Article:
The other problem we have is that there is simply no cash in Gaza. The banks are all closed; there are no ATMs and no way to get cash into our staff to buy the goods—or to pay their salaries. Even if we could send them checks there is nowhere to cash them. For the time being, everything is being done on credit, but that won’t last much longer either.

Now we are out distributing relief goods in the major areas of Gaza – Gaza City, Jabalia, Khan Younis and Rafah—our team is facing extremely dangerous conditions. Since the Israeli military action in Gaza began, four United Nations staff, plus four UN contractors in Gaza have been killed. One international humanitarian aid medical clinic was destroyed and several of their compounds have been damaged. At least four incidents have been reported of shooting near aid convoys. Not a minute passes that we are not concerned for the safety of our team.

Last week, the Israeli authorities instituted a daily temporary three-hour “lull” in fighting to provide humanitarian workers a chance to distribute aid, but this has not really helped. The slim window of time each day is not nearly enough to address the dire humanitarian situation on the ground and to transport aid deliveries from warehouses in the south of Gaza up to the north or other areas that need supplies.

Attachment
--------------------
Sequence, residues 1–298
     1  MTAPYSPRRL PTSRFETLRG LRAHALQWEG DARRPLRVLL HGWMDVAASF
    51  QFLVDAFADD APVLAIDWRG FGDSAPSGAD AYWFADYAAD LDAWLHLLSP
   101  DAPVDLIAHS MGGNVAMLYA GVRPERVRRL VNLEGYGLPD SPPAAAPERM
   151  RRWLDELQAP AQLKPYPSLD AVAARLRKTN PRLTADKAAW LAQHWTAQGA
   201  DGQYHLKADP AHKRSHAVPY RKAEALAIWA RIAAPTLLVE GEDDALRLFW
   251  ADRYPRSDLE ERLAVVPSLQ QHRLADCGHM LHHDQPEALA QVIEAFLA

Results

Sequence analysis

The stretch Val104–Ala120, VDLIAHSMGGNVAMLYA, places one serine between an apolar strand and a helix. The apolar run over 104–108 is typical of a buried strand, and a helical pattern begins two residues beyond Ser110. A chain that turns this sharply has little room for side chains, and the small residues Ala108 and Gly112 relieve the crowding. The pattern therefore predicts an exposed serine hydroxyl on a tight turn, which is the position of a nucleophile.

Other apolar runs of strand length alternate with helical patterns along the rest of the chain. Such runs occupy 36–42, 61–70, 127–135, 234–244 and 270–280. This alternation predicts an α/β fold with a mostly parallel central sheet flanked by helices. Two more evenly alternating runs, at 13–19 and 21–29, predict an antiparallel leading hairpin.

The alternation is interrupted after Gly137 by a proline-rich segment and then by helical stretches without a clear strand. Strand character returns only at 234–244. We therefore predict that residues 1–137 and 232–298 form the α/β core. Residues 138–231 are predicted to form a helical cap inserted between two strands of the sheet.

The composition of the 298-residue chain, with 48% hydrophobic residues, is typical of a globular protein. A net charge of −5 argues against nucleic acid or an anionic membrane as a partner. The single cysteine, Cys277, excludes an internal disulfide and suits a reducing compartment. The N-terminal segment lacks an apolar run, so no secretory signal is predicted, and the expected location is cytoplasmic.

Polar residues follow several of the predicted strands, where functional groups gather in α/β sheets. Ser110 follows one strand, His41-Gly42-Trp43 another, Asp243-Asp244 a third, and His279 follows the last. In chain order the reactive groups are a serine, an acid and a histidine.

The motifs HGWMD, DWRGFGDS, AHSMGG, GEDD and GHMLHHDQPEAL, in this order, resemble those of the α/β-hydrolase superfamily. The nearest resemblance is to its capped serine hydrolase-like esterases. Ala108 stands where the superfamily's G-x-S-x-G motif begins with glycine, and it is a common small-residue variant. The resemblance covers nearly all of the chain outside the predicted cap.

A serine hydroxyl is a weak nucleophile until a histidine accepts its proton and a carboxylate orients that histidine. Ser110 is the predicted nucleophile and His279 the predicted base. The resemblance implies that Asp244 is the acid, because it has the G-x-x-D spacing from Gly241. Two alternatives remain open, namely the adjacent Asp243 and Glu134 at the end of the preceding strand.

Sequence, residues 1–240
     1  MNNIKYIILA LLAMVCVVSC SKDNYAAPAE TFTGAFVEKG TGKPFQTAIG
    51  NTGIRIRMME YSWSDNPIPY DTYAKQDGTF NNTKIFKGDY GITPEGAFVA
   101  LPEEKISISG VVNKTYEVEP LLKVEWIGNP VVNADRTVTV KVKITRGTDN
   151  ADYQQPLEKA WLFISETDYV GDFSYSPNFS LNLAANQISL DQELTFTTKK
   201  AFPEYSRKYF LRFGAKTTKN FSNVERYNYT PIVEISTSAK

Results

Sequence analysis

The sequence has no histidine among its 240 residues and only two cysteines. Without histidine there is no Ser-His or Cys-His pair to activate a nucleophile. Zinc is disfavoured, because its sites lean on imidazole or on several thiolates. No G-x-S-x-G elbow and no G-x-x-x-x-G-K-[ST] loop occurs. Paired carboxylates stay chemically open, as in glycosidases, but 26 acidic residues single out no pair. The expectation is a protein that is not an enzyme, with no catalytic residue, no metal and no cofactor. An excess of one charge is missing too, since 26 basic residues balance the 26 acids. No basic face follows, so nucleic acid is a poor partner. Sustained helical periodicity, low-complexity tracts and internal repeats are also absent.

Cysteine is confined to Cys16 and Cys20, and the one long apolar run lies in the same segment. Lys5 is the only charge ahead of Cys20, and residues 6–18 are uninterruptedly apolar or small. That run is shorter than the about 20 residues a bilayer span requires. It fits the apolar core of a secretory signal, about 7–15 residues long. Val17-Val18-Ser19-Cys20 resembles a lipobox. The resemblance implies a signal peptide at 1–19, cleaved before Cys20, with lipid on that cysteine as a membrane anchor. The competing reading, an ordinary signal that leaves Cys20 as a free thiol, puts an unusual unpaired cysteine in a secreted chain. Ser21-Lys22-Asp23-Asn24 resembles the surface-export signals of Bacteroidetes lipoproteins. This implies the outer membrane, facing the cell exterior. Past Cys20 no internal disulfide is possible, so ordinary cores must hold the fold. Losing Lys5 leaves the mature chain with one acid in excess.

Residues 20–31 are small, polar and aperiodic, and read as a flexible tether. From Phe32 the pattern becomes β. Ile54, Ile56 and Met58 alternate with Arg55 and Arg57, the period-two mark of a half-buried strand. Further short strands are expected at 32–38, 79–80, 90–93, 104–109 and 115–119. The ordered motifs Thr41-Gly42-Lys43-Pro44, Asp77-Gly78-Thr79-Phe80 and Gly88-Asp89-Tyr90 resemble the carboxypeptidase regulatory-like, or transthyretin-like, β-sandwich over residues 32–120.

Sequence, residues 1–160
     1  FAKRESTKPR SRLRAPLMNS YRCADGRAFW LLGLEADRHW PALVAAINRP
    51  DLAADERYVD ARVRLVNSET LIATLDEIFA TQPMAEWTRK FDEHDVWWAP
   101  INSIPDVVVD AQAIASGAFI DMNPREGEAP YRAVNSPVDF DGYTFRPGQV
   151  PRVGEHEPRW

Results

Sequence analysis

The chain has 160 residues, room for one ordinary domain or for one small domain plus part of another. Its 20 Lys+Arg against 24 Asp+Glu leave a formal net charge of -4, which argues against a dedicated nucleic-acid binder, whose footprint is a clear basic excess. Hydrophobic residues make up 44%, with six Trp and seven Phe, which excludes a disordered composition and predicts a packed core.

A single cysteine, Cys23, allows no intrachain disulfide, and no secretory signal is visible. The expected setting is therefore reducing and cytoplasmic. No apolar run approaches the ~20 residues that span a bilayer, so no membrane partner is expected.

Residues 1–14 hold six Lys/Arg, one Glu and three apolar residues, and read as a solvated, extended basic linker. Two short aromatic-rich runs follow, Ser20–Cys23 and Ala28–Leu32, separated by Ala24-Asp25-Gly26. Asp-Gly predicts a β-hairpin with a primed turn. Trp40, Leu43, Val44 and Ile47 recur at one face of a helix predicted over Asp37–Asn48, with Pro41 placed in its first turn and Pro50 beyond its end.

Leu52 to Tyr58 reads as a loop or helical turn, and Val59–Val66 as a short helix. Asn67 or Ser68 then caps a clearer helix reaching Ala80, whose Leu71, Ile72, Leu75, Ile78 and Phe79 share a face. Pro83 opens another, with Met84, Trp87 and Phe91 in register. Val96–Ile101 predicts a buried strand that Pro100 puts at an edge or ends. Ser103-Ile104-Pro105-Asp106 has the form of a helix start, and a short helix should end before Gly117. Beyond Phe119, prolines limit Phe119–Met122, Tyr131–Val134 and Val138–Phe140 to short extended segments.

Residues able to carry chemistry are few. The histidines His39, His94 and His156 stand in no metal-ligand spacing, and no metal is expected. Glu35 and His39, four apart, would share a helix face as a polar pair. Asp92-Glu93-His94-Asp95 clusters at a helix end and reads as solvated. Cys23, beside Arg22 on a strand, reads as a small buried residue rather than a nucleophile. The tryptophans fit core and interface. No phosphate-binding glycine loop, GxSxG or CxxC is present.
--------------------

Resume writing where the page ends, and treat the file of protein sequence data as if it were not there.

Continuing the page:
Also, the time of the “lull” is constantly changing at the whim of the Israeli military—one day it starts at 9:00 am, the next day it is at 1:00 pm, and so on. We are only notified of the new timings moments before it begins, so we can’t organize our staff and distributions quickly enough to take advantage of the break in fighting.

Our distributions are very time consuming. In many cases our team goes door-to-door to ensure the most needy families are receiving aid. Many families are too afraid to venture out to distribution sites. This takes much longer than three hours, so our staff is usually out working well after the break in fighting has ended and the shelling and bombing have resumed.

Even with an increase in the number of workers packing and distributing, the vast needs of the people can't be met in this short time frame. 
Moreover, some fighting usually continues during the ‘lulls’ so humanitarian workers and the civilian population risk their lives moving around the Gaza Strip.

Working on the other side of the border where we take security, water, electricity and place to sleep and food for granted, I am overcome with admiration at the courage and strength of the Mercy Corps staff working inside Gaza. I hope that the Israeli authorities will respect the call of the United Nations and the international community to allow humanitarian aid workers to access Gaza so I can join my team.

Click here for more of Cassandra Nelson’s earlier blog posts.

Editor’s Note: Cassandra Nelson joined Mercy Corps in Afghanistan in 2002. She spends most of her time deployed in hotspots and hostile areas in need of humanitarian assistance. She has worked in Iraq, Darfur, Lebanon, South Sudan, Zimbabwe, Liberia, North Korea, Sri Lanka, Banda Aceh, Pakistan, Afghanistan and Iran.

Filed under: Crisis in Gaza • Hamas • Israel • Palestine
soundoff (6 Responses)
  1. eve